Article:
South Africa 223 for 7 (Miller 85*, Mendis 3-35) beat Sri Lanka 167 (Thisara 65, Tsotsobe 4-22) by 56 runs
Scorecard and ball-by-ball details
What a difference two overs can make. That was all it took for South Africa to stay alive in the series, have their confidence restored and beat Sri Lanka at home for the first time in close to 20 years.
The 49th and 50th over of their innings produced 38 runs and took their total from middling to challenging. David Miller scored 35 of them himself - prior to this match no South African batsman had managed a score greater than 29 in the series - hitting Thisara Perera and Lasith Malinga straight down the ground. He proved South Africa could be competitive and could come back after being under pressure in the first two matches, and even large sections of the third.
And what a difference an over can almost make. Perera hit Robin Peterson for the second-most expensive over in ODI cricket to throw Sri Lanka back into contention after they slumped to 93 for 7. The 35 runs included five sixes and a four, Perera displaying his prowess, especially over the leg-side.
Like Miller, he showed the temperament required to succeed in conditions where the surfaces are sluggish - survive first, thrive later. Unlike the South African, Perera was asked to do too much at the end.
Because Miller did not have a target to chase, he had less pressure on him. His strike rate hovered between 70 and 80 for most of his stay at the crease as he settled in. He needed AB de Villiers to usher him through the period where even singles were hard to come by and soon realised patience would pay off.
Only at the very end, when Perera and Malinga seemed to have dinner rather than death bowling on their minds, did Miller pounce on anything too full and one which was too short. Miller registered the first South African half-century on the tour after their top order failed - Hashim Amla's absence is growing glaring as each match goes by.
South Africa tried a third opening pair in as many matches with Lions' team-mates Alviro Petersen and Quinton de Kock fronting up first. Both were watchful but de Kock was unable to contain his attacking instincts and was vulnerable outside the offstump.
He offered a chance in the fourth over when he swung at a wide one without any foot movement but Tillakaratne Dilshan at slip could not hold on. Sri Lanka hit back two balls later when Malinga bowled his first short ball and Petersen tried to hook too early, only to glove it to Kumar Sangakkara.
Sri Lanka's attack continued to find the edge of de Kock's bat and the youngster fell on his sword to open South Africa's middle up to a familiar state of panic. Both JP Duminy and Faf du Plessis posted insubstantial scores, with Duminy looking good again but unable to kick on and du Plessis uneasy at the crease and almost run out twice before actually being found short of his ground.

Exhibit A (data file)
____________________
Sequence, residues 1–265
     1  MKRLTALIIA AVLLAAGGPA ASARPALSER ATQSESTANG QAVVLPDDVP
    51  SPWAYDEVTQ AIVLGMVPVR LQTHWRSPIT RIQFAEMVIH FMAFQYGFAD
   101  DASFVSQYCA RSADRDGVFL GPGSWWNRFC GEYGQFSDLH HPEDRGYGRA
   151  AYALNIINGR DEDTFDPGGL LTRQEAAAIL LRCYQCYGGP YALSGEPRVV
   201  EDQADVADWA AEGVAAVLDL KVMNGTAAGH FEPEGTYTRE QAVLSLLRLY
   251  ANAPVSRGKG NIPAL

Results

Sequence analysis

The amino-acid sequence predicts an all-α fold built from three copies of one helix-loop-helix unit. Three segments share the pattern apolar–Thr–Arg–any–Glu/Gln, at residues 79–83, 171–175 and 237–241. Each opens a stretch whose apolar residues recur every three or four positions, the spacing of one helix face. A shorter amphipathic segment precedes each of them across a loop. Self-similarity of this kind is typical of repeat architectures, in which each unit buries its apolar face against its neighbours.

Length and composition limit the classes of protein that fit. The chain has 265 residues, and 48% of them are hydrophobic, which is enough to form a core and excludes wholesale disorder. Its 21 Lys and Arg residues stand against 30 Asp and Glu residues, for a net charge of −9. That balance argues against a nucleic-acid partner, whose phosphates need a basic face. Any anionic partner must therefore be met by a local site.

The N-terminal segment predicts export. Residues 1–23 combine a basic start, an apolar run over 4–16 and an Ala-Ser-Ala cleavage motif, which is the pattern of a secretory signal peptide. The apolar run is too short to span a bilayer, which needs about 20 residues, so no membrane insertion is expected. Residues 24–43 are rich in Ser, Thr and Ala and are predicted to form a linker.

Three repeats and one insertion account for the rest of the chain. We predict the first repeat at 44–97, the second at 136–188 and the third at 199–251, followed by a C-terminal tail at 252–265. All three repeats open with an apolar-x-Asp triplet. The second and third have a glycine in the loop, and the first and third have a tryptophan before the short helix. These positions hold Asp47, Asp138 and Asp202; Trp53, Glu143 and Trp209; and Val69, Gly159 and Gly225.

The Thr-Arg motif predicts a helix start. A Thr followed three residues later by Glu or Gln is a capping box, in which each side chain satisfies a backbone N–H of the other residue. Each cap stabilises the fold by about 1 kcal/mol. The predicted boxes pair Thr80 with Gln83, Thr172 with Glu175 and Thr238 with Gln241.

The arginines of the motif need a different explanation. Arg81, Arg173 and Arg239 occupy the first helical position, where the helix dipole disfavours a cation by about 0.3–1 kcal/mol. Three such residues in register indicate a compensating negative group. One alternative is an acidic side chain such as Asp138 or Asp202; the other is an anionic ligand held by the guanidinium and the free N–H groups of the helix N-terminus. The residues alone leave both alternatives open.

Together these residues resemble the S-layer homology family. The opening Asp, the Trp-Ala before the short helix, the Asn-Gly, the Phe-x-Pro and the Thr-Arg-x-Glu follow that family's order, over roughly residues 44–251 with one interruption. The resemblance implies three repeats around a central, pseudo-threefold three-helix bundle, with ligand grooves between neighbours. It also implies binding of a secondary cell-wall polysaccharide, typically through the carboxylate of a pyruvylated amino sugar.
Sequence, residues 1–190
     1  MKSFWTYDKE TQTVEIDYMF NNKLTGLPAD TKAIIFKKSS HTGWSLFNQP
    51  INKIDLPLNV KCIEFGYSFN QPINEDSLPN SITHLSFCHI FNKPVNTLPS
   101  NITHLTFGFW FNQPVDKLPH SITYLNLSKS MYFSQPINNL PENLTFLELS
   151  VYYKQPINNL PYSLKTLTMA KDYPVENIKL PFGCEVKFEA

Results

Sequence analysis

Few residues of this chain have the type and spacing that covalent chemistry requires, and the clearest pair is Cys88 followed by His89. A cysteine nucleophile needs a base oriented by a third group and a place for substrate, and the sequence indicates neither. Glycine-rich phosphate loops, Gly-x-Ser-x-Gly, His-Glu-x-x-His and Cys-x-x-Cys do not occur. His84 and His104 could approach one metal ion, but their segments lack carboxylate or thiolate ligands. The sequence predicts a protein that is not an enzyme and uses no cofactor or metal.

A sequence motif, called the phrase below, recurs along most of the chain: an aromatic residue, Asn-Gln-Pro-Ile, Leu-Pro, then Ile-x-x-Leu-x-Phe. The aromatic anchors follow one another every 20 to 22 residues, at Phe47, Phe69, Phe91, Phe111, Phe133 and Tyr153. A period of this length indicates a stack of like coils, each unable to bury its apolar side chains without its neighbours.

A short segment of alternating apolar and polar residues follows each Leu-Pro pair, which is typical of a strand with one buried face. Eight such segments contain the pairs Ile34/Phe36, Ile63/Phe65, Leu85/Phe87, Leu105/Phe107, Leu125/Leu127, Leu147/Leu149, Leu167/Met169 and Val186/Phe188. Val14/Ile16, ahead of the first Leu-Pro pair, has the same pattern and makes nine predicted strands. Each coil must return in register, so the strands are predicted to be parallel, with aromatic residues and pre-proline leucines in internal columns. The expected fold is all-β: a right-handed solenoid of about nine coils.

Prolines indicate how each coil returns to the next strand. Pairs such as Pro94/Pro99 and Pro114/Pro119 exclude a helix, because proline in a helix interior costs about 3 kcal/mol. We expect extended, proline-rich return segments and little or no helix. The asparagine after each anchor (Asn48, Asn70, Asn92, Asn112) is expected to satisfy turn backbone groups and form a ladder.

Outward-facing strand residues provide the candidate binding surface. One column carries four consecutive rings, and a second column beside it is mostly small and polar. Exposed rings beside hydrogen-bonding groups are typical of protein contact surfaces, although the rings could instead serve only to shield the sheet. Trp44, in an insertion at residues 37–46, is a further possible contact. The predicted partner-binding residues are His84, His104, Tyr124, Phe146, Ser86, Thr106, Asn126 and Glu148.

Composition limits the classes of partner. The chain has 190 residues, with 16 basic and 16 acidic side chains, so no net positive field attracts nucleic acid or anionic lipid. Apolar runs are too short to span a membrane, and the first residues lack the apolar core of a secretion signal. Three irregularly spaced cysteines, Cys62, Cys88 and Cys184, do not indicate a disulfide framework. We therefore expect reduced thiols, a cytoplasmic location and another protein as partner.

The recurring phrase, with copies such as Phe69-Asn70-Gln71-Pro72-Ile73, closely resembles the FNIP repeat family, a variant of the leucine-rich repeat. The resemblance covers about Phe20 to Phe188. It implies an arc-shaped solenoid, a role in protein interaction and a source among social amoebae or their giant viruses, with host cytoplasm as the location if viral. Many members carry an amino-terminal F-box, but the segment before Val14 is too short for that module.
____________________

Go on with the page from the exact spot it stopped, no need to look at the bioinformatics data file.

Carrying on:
De Villiers looked closer to breaking the lean run but Sri Lanka's spinners and Ajanthan Mendis in particular did not let him get away. Mendis was difficult to pick while Rangana Herath and Dilshan kept things tight. It was only when Miller decided to hit out that the complexion of South Africa's tour became a little rosier.
Things got better for them from there as the fit-again Lonwabo Tsotsobe did the bulk of the damage upfront. He plucked three wickets in a six-over spell in which he extracted bounce, produced seam movement and partnered Morne Morkel to perfection.
Morkel created pressure at his end with pace and steep lift, while Tsotsobe's accuracy ensured eight dot balls were produced before the first run was scored. Sri Lanka's were troubled by anything back of a length and Dilshan was the first to succumb. He spooned a catch to de Villiers at cover before Kumar Sangakkara went in the same over, chasing one that moved away.
Upul Tharanga was also undone by bounce and edged Tsotsobe to Petersen at slip. With Sri Lanka at 16 for 3, South Africa were in control for the first time in the series.
They held the match in their grip even as Mahela Jayawardene and Dinesh Chandimal combined for a 55-run stand. Robin Peterson reviewed an lbw shout against Jayawardene, which was going down leg and Jayawardene survived a stumping chance when Peterson was bowling but the left-arm spinner had the last laugh. Peterson bowled Jayawardene with one that skidded on, but that was the end of his involvement in the night.
Peterson's figures were ruined by Perera, who hit his first four sixes over the mid-wicket boundary. Then, he sent Peterson back over his head for four and he finished with the biggest hit of the night, over square leg.
That over brought Sri Lanka's required run-rate below six but, it would take more than one over to change the course of the match. Perera had a few more meaty hits, but he didn't have a second over to match his first and when he was dismissed, Sri Lanka's hopes went with him.